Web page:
Ubuntu

Can APT tell me which packages on my system were installed explicitly?

Asked by Jonathan Knowles on 2007-09-26

I'd like to generate a list of all packages I've explicitly chosen to install on my system.

I'd like this list to include anything I've explicitly chosen to install with apt-get, aptitude, adept or synaptic since installing Ubuntu from CD.

I don't want this list to include dependencies, unless of course I've chosen to install them explicitly at some point. I also don't want to include any previously installed but subsequently removed packages.

Can APT tell me this information?

== Example ==

Let's say I perform the following actions:

1. Install Ubuntu
2. Using apt-get, install "mozilla-thunderbird".
3. Using aptitude, install "mozilla-firefox".
4. Using adept, install "konversation".
5. Using aptitude, remove "mozilla-thunderbird".

After these actions are performed, the list of explicitly installed packages is: [mozilla-firefox, konversation]

Question information

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Status:
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For:
Ubuntu apt Edit question
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Last query:
2007-09-26
Last reply:
2009-04-30

You can only see which packages were automatically installed. They are listed in /var/lib/apt/extended_states

Why don't use dpgk...?

To save a preselection of installed packages:
sudo dpkg --get-selections > installed.log

To install on another pc all the packages from that saved selection:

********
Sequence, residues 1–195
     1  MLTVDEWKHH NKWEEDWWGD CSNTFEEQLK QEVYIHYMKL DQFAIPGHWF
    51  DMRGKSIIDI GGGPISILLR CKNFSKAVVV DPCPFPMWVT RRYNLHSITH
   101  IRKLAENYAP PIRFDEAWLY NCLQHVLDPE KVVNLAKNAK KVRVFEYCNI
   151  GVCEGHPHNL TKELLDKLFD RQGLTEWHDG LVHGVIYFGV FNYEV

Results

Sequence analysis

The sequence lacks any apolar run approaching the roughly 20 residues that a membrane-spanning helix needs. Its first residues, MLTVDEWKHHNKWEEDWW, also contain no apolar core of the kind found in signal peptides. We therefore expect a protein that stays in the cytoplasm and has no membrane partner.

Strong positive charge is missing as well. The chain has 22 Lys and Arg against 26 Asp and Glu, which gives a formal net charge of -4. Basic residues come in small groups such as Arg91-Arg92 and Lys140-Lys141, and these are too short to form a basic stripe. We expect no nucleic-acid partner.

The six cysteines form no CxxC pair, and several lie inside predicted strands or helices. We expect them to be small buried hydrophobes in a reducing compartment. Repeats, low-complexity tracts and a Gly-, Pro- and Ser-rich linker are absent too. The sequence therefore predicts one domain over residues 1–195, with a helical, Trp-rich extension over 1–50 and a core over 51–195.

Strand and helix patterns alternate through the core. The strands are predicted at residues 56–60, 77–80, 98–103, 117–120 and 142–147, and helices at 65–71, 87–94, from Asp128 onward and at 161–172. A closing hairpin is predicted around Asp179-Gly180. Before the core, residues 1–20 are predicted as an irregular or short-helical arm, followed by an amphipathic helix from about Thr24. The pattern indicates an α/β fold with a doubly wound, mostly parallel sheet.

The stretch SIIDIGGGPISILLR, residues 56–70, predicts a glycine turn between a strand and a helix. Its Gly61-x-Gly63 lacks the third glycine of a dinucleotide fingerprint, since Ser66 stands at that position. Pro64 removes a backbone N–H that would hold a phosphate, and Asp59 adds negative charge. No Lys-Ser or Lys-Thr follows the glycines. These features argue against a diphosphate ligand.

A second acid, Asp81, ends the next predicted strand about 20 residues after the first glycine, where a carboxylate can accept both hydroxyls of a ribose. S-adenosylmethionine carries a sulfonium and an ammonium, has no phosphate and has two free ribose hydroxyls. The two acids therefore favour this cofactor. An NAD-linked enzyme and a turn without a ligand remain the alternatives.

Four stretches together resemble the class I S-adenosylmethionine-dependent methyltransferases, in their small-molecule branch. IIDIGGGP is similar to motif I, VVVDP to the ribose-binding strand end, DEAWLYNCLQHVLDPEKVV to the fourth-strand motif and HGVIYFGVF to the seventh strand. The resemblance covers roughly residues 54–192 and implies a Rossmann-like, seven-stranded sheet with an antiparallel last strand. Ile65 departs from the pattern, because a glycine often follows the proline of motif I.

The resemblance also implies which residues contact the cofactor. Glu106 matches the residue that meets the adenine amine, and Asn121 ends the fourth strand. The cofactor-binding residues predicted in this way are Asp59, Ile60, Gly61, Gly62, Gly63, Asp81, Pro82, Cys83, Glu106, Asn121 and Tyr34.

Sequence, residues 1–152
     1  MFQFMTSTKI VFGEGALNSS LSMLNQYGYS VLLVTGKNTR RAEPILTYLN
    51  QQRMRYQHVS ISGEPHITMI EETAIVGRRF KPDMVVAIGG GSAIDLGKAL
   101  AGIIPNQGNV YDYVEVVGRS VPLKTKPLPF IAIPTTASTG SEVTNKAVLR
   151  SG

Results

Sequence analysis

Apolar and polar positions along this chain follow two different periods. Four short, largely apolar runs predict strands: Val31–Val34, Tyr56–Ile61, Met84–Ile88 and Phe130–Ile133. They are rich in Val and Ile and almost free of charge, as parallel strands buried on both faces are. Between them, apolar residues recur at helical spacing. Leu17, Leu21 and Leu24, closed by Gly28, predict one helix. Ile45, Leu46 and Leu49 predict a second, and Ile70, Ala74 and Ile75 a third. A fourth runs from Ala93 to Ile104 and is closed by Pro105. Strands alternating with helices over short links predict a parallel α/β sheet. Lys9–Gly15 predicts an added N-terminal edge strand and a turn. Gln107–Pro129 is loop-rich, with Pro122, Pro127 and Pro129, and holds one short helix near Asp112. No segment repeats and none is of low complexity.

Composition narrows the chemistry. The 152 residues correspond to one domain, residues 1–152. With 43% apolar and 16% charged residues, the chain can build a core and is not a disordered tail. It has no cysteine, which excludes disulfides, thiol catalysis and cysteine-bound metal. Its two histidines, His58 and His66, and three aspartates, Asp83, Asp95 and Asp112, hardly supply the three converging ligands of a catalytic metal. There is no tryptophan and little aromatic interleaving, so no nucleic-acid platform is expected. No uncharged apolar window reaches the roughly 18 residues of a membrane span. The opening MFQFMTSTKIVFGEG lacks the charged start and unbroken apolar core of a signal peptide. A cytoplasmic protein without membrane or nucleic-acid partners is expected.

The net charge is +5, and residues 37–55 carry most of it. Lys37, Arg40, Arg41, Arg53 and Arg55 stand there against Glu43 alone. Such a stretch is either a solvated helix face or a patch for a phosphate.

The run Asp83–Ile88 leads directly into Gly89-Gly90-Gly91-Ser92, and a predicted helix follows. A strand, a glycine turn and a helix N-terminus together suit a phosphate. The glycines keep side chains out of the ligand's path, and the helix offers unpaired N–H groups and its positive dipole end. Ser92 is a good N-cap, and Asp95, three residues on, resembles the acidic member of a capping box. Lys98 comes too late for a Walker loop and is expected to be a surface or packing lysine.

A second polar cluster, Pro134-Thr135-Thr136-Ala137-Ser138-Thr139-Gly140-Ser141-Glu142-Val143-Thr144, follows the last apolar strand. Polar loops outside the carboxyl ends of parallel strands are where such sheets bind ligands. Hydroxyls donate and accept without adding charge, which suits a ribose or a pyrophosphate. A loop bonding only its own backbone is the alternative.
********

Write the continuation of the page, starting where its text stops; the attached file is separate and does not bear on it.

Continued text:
sudo su

dpkg --set-selections < ./installed.log && apt-get dselect-upgrade && apt-get autoremove

HTH

apt-get can't do it but you can use deborphan:
  deborphan -a
This will list all packages which were not installed as dependency of an another package, so all packages installed by hand.

Asa Ayers (asa-ayers) said : #4

It seems like deborphan -a mostly answers the question, but is there a way to exclude the packages that were installed as a base install of Ubuntu?

You can use `grep` to exclude them:
  deborphan -a | egrep -v "linux-.*|.*ubuntu-(desktop|minimal|standard)"
If this command is too long, you can create a shortcut in your ~/.bashrc file. To do this, open it and and put a line like this one:
  alias explicity-installed='deborphan -a | egrep -v "linux-.*|.*ubuntu-(desktop|minimal|standard)"'
Of course, you can replace "explicity-installed" with whatever you prefer.

Martin Olsson (mnemo) said : #6

Running the command:
deborphan -a | egrep -v "linux-.*|.*ubuntu-(desktop|minimal|standard)"

On my jaunty system prints stuff I'm absolutely sure I didn't explicitly install, like for example:
libboost-date-time1.34.1

Also it failed to print "gitk" which is I am sure I did explicitly install.

Does anyone know a more accurate method to list all the explicitly installed packages?

Pascal R. (niun) said : #7

I am also interested in such a list. All previous given answers have some problems:

=> dpkg --get-selections:
This gives a list of all installed packages. Right?

=> deborphan -a:
That is cool, but if you've explicitly installed "gitk" like martin, and then install something, that depends on gitk or even only suggests it (like "git-doc"), it doesn't show up in the list.